Learning to See the World Differently

Learning to See the World Differently

When you are the parent of a child with special needs, sometimes you just need to learn to see the world a little differently.

At least that’s what Mid-States Concrete Accounting Manager Bob MacDougall has learned.  MacDougall, who has been with Mid-States since April 2017, is the father to three wonderful children – Madden, Grayson and Bowen – two of which have special needs.

It all started with MacDougall’s oldest son, Madden.  When Madden was about two-and-a-half years old, MacDougall and his wife, Ereka, noticed some speech and development delays.  With early intervention programs, the MacDougalls got Madden the help of both an occupational therapist and speech therapist.  While Madden, now eight, still receives speech therapy, thrives on a schedule, and is extremely shy, he is doing quite well with the help the family has received.

While the family was caring for Madden’s needs, they had a second son, Grayson.  When Grayson was about six- to eight-months old, the two noticed he was a quiet baby, but didn’t think much of it at the time.  Grayson reached the toddler ages and still wasn’t really talking.  Knowing kids develop differently and again, maybe Grayson was just a quiet kid, the couple weren’t completely alarmed, but did keep an eye on it.  Then, when they noticed Grayson was extremely sensitive to loud noises and would seek out sensory stimulation though peripheral movement such as lining up his cars along the table and running past them while looking at them out of his peripheral, and watching go-cart races at the race track with his head turned and looking out his peripheral as well, the couple knew they needed to get him evaluated.

Unfortunately Grayson’s signs of Autism were not recognized until it was too late for early intervention programs.  However he was evaluated in time to qualify for preschool programs at Simon Elementary School in Winnebago, Ill., the MacDougall’s hometown.  Grayson began receiving speech and occupational therapies at Simon as well as at SwedishAmerican Pediatric Therapy.  In addition to his therapy services, Grayson also has an Autism service dog named Jeb.  Jeb is an 11-month-old black lab who is trained to help Grayson in times of sensory needs such as lapping, which is where Jeb will lay across Grayson’s legs to provide body pressure which helps Grayson regulate during emotionally difficult moments.  All Grayson has to do is sit down and Jeb will come lay across his legs.  Jeb also provides a service of safety in that Grayson can be tethered to Jeb while out in public and busy places.  Jeb is trained to stay by Grayson’s parents’ side and serve as an anchor to keep Grayson from running off.  Jeb has also helped Grayson in ways that the MacDougalls have noticed improvements in his speech, gained independence and self-regulation.  Jeb will attend school with Grayson this fall to ensure his days run smoothly.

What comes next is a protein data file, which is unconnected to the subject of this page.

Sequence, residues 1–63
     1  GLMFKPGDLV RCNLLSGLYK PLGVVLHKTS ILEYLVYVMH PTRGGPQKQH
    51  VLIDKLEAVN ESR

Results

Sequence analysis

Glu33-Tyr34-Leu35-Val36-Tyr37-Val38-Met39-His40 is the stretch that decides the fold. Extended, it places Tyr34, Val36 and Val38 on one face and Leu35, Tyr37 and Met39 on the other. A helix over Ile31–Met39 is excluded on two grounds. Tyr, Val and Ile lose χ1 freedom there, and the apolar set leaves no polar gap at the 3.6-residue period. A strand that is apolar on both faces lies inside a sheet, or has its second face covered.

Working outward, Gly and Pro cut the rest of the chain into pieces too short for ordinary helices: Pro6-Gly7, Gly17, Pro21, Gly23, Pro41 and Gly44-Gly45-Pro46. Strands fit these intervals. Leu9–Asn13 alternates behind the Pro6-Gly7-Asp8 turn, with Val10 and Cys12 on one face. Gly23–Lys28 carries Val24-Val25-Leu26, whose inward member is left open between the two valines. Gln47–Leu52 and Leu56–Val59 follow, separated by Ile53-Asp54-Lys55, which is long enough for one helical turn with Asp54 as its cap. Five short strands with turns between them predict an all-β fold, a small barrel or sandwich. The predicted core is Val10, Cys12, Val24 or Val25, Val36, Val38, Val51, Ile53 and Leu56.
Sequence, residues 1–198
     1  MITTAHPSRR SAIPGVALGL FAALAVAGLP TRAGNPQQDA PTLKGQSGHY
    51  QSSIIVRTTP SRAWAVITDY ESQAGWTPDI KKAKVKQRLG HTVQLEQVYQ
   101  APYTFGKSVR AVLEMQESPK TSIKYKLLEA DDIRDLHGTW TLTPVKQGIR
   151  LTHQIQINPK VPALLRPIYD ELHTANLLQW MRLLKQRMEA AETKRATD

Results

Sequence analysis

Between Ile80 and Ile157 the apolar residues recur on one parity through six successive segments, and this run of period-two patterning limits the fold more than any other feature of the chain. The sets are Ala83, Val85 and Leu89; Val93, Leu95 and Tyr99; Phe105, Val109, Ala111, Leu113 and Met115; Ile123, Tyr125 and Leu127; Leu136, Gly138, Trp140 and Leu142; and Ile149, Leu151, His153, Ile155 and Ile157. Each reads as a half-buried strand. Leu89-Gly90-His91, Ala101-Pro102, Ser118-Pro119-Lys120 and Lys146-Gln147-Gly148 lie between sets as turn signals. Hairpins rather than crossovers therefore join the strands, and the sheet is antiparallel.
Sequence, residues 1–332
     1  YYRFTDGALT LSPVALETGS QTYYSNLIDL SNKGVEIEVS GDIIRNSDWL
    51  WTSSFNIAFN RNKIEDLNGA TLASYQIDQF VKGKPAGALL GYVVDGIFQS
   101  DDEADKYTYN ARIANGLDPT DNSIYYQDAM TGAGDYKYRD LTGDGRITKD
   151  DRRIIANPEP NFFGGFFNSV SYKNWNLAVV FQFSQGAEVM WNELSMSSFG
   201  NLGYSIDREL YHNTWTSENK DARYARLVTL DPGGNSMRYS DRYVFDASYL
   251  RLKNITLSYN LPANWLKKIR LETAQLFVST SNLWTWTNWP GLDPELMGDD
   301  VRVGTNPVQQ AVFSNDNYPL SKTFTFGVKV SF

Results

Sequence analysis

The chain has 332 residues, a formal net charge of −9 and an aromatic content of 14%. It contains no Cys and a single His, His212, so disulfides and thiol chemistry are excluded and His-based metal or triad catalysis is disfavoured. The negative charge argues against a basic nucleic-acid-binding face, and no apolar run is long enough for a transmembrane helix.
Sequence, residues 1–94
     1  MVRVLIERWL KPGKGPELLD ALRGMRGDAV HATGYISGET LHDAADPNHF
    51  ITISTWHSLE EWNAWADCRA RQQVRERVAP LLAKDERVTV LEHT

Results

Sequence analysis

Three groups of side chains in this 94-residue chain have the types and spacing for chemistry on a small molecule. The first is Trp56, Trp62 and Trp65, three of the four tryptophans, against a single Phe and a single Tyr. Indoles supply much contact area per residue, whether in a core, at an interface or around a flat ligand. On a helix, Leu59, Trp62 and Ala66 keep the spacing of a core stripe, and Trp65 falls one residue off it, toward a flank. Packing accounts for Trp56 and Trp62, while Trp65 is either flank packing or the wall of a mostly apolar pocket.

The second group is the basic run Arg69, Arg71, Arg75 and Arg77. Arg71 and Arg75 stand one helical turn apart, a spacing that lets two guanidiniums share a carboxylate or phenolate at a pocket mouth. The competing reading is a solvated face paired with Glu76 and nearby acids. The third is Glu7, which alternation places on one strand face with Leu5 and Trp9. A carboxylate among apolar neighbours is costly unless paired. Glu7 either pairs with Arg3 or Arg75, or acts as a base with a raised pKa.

Both MacDougall and his wife have done a considerable amount of research into autism, learning to see the world through Grayson’s eyes, and are staunch advocates of autism awareness, though they are aiming for more than just awareness.

“It’s not just awareness,” MacDougall said.  “You want to push the understanding.”

For example, at times, Grayson has a hard time regulating his emotions and the way his senses make his brain feel.  So, if Grayson is having a tough time at the grocery store, to an outsider who isn’t familiar with Autism, it can just look like a kid having a tantrum and being a brat.  But, for someone who understands Autism, they know Grayson is just having a hard time in that moment and might need some help from mom or dad with regulating his emotions.

“It took us a long time… to be able to recognize how to parent and when to parent to help him regulate and get him what he needs and to know when he’s just being a kid,” MacDougall said.

Parenting a child with Autism has its challenges, and it can be exhausting, but the MacDougalls still make time for advocacy through networking and attending fundraisers for Autism research and awareness.  In fact, a friend of MacDougall’s wife recently started the non-profit The Superhero Center for Autism.  The center will eventually feature a building in Rockford where kids with special needs can just “be safe, be empowered, be supported, and be themselves.”  The center will offer groups, classes, outings and a sensory gym.

A passion of MacDougall’s wife is focusing on the life skills elements for children with Autism and has made that her focus in raising two children with special needs.

“At the end of the day, we want Grayson, at the bare minimum, to do the basic essentials and find that niche out in society where he can go work,” MacDougall said. “… These kids are very detail-oriented, very thorough, you just have to know how to tap in to that.”

So, what does any parent of a child with autism want others to know?

“Just be compassionate and try to understand what they’re going through,” MacDougall said.

To learn more, check out this animated explanation of Autism: https://youtu.be/6fy7gUIp8Ms.

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